when there are isolated 1’s. These problems are overcome by using modified Radix4
Booth algorithm which scan strings of three bits with the algorithm given below:
1) Extend the sign bit 1 position if necessary to ensure that n is even.
2) Append a 0 to the right of the LSB of the multiplier.
3) According to the value of each vector , each Partial Product will he 0, +y ,
-y, +2y or -2y.
The negative values of y are made by taking the 2’s complement and in this paper
Carry-look-ahead (CLA) fast adders are used. The multiplication of y is done by shifting
y by one bit to the left. Thus, in any case, in designing a n-bit parallel multipliers, only
n/2 partial products are generated.




     X(i)                      X(i-1)                   X(i-2)                y
       0                        0                          0                  +0
       0                        0                          1                  +y
       0                        1                          0                  +y
       0                        1                          1                  +2y
       1                        0                          0                  -2y
       1                        0                          1                  -y
       1                        1                          0                  -y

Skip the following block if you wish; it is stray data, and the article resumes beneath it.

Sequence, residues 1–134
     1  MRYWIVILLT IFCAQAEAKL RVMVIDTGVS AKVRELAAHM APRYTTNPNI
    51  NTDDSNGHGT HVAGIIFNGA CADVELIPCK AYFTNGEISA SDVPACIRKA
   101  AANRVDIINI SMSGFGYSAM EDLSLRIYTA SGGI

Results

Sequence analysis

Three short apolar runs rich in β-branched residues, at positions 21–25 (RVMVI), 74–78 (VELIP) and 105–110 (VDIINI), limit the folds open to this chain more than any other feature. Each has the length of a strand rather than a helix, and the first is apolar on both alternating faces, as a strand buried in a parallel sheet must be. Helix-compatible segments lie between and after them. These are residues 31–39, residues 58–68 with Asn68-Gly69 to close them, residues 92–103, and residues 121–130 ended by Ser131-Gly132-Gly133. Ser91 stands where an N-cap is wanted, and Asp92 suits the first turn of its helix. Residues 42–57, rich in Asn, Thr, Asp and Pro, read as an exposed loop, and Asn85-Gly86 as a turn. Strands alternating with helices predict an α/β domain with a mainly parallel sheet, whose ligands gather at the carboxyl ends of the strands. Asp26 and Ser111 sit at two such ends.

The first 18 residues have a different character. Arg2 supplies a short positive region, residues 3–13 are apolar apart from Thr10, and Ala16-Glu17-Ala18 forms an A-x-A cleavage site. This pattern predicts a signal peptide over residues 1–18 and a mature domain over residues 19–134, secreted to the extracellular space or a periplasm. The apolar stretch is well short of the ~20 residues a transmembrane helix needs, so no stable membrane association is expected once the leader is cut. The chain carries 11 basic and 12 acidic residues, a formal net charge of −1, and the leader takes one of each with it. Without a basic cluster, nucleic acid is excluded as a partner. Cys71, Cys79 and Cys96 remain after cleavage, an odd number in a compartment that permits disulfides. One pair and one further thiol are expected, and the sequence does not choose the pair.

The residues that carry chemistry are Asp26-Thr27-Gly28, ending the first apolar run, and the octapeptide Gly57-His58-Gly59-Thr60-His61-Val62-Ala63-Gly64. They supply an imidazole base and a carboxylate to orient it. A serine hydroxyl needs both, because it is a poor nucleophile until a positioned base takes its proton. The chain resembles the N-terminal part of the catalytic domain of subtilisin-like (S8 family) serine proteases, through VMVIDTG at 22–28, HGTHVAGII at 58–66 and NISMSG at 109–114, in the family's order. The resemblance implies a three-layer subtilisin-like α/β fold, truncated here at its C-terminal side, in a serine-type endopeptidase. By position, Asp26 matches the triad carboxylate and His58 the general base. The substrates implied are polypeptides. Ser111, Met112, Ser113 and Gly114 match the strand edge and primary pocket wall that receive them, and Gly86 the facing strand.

1                        1                          1                  +0
Table I Radix4 Modified Booth algorithm scheme for odd values of i .




.
CHAPTER 6




                            ANALYSIS
            VHDL CODES FOR MULTIPLIER
ANALYSIS


VHDL code for sixteen bit adder
----------------------------------------------------------------------------------
library IEEE;
use IEEE.STD_LOGIC_1164.ALL;
use IEEE.STD_LOGIC_ARITH.ALL;
use IEEE.STD_LOGIC_SIGNED.ALL;


---- Uncomment the following library declaration if instantiating
---- any Xilinx primitives in this code.
--library UNISIM;
--use UNISIM.VComponents.all;


entity sixteenbit_fa is
   Port ( a : in STD_LOGIC_VECTOR (15 downto 0);
        b : in STD_LOGIC_VECTOR (15 downto 0);
       -- cin : in STD_LOGIC;
        yout : out STD_LOGIC_VECTOR (15 downto 0);
        cout : out STD_LOGIC);
end sixteenbit_fa;


architecture Behavioral of sixteenbit_fa is
signal s: std_logic_vector(15 downto 0);
signal carry1: std_logic_vector(16 downto 0);
COMPONENT twobit_add
         PORT(
                  a : IN std_logic;
                  b : IN std_logic;
                  cin : IN std_logic;
                  sum : OUT std_logic;
                  cout : OUT std_logic
                  );
          END COMPONENT;




begin
carry1(0)<='0';
g1 : for i in 0 to 15 generate
           f0 : twobit_add PORT MAP(a(i), b(i),carry1(i),yout(i), carry1(i+1));
--         inter_carr<=carry(i+1);
end generate g1;
cout<=carry1(16);
end Behavioral;




VHDL code for array multiplier
library IEEE;
use IEEE.STD_LOGIC_1164.ALL;
use IEEE.STD_LOGIC_ARITH.ALL;